World Video | Defence | Foreign Affairs | Natural Events | Trade | NZ in World News | NZ National News Video | NZ Regional News | Search

 


Annan Says UN Will Do All It Can To Help Iraqis

Annan Says UN Will Do All It Can To Help Iraqis Advance Political Process

United Nations Secretary-General Kofi Annan today pledged the world body's full support for the political process in Iraq as a senior UN aide announced that more international staffers would head to the war-ravaged country to help with preparations for January elections.

"The United Nations is determined to do whatever it can to assist the Iraqi people, the circumstances permitting," Mr. Annan told reporters in New York.

He stressed that the elections must involve the broadest possible range of Iraqis. "Of course there are some extremists whom one can never get into the process, but the more inclusive the process, the greater the possibility that it will succeed and the results of the elections will be productive," he said.

Kieran Prendergast, who heads the UN Political Affairs Department, told a press briefing, "The Secretary-General accepts that we need to deploy more people [and] we will be deploying those people as circumstances permit."

Joining him was Carina Perelli, head of the UN electoral assistance office, who said conducting out-of-country voting "will be fraught with a lot of technical difficulties."

She noted that more resources will be required to facilitate the process. "We will support as much as we can through the mission. We have questions in terms of the feasibility of this exercise, but if [the Iraqis] have taken this decision we will assist them technically as much as we can."

Mr. Prendergast also stressed that "there is a difference between what is desirable and what is feasible given the very tight time constraints within which we are working."

Iraqis have already started enrolling in the election process, with 85 per cent of the 542 registration centres in place open. Balloting is planned for January to allow Iraqis to choose members of a constituent assembly that will then draw up a constitution.

Echoing the Secretary-General's comments about inclusiveness, Mr. Prendergast said, "Constitutions are best designed when they have a very broad base of input into the process" through a wide-ranging consultation.

The UN wants the elections to result in the broadest possible range of Iraqi constituencies in the Assembly, he added.

He predicted that Iraqi Kurds would participate in large numbers, as would the Shia'a. "Less likely to participate are the communities who are alienated and [we must look at] what can be done to encourage them to come into the process."

Ms. Perelli, referring to the importance of hearing the "unmediated voice of the Iraqi people," stressed the importance of ensuring that all centres - not just 85 per cent - can open. This will allow people to "vote with their feet" by indicating their level of interest in participating. "Our job is to ensure that they have the means of participating."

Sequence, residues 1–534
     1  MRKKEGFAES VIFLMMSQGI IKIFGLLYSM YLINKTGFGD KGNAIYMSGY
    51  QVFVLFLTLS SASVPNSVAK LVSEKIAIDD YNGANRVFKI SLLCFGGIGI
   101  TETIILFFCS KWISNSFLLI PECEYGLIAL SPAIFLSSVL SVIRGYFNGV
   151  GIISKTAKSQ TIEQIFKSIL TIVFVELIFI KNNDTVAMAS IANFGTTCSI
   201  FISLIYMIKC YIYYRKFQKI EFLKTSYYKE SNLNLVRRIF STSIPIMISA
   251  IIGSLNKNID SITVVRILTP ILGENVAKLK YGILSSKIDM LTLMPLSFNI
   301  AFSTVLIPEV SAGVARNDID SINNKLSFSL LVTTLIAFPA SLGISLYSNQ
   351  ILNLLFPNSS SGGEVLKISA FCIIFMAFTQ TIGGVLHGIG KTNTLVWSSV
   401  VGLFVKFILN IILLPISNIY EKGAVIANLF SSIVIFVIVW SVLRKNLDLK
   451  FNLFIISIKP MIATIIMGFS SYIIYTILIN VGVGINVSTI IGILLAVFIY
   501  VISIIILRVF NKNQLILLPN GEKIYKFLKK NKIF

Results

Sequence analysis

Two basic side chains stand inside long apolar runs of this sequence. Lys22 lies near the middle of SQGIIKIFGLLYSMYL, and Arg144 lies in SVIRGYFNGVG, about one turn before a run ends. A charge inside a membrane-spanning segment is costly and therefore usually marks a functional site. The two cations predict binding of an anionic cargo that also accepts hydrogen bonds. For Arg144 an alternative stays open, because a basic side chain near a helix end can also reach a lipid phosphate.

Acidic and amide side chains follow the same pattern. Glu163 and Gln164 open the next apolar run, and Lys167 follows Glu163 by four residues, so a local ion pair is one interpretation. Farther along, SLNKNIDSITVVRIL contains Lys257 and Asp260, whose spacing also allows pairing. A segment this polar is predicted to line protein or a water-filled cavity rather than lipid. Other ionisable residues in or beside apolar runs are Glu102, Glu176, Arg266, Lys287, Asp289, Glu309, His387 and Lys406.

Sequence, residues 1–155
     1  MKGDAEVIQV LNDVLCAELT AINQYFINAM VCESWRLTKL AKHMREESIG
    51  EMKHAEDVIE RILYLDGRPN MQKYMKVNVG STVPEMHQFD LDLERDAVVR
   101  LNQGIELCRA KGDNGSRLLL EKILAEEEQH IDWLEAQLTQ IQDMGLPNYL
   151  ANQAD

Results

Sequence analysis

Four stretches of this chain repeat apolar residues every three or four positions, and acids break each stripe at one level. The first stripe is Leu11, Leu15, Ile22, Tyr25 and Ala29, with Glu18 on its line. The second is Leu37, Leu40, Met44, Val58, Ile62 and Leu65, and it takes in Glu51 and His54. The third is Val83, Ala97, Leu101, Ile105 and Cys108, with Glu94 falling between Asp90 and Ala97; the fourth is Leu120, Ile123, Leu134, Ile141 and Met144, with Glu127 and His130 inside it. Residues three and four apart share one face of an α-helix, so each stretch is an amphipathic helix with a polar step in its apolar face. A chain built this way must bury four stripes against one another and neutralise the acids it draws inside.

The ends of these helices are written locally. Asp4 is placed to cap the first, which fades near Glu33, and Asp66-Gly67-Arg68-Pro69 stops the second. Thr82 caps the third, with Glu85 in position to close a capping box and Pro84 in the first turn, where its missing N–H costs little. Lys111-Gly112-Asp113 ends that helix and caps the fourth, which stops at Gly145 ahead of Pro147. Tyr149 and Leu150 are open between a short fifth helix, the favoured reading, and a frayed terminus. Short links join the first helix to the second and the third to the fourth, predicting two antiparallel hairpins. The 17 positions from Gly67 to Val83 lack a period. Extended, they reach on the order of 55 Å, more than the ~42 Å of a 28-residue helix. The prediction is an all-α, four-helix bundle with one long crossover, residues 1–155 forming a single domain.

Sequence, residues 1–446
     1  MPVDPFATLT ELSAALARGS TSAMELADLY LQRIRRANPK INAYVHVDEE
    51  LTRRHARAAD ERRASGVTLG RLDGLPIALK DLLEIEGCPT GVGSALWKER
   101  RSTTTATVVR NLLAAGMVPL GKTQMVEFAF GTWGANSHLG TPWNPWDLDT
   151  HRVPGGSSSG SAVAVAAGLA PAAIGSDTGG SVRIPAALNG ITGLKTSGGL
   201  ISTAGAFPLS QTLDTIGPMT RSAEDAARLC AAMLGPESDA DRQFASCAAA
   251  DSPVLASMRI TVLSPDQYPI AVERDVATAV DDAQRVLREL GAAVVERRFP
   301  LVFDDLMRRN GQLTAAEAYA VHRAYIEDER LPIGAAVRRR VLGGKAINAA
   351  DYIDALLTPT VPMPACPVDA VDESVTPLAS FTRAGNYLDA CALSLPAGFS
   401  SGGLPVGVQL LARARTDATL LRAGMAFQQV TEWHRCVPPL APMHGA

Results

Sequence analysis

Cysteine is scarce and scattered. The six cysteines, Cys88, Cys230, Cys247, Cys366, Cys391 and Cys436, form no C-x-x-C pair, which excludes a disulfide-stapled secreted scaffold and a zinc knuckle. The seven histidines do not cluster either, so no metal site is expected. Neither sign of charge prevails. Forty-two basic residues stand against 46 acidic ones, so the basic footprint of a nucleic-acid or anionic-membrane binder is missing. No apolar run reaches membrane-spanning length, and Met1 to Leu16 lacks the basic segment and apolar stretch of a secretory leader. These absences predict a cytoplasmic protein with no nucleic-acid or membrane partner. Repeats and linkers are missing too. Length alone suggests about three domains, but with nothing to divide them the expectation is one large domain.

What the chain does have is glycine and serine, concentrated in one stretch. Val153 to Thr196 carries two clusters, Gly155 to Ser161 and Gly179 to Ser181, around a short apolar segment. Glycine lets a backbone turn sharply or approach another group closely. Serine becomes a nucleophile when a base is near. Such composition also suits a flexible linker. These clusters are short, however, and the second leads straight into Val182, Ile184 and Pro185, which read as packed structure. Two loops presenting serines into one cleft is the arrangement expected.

She said she did not expect a partial election, but added: "Right now it's too early to make any sort of predications."

Meanwhile in Baghdad, talks on the elections were held between the Secretary-General's Special Representative for Iraq, Ashraf Qazi, and the country's Deputy Prime Minister, Barham Saleh.

Mr. Saleh is a member of the Patriotic Union of Kurdistan and the two men touched on the situation in that area, according to a UN spokesman.

© Scoop Media

 
 
 
 
 
World Headlines

 

Preliminary Results: MH17 Investigation Report

The Joint Investigation Team (JIT) is convinced of having obtained irrefutable evidence to establish that on 17 July 2014, flight MH-17 was shot down by a BUK missile from the 9M38-series. According to the JIT there is also evidence identifying the launch location that involves an agricultural field near Pervomaiskyi which, at the time, was controlled by pro-Russian fighters. More>>

ALSO:

At The UN: Paris Climate Agreement Moves Closer To Entry Into Force

The Paris Agreement on climate change moved closer toward entering into force in 2016 as 31 more countries joined the agreement today at a special event hosted by United Nations Secretary-General Ban Ki-moon. More>>

ALSO:

ALSO:

Gordon Campbell: On The End Game In Spain (And Other World News)

The coverage of international news seems almost entirely dependent on a random selection of whatever some overseas news agency happens to be carrying overnight... Here are a few interesting international stories that have largely flown beneath the radar this past week. More>>

Amnesty/Human Rights Watch: Appalling Abuse, Neglect Of Refugees On Nauru

Refugees and asylum seekers on Nauru, most of whom have been held there for three years, routinely face neglect by health workers and other service providers who have been hired by the Australian government, as well as frequent unpunished assaults by local Nauruans. More>>

ALSO:

Other Australian Detention

Gordon Campbell: On The Censorship Havoc In South Africa’s State Broadcaster

Demands have included an order to staff that there should be no further negative news about the country’s President Jacob Zuma, and SABC camera operators responsible for choosing camera angles that have allegedly made the President ‘look shorter’ were to be retrained... More>>

ALSO:

Gordon Campbell: On A Bad Week For Malcolm Turnbull, And The Queen

Malcolm Turnbull’s immediate goal – mere survival – is still within his grasp... In every other respect though, this election has been a total disaster for the Liberals. More>>

ALSO:

Get More From Scoop

 
 
 
 
 
World
Search Scoop  
 
 
Powered by Vodafone
NZ independent news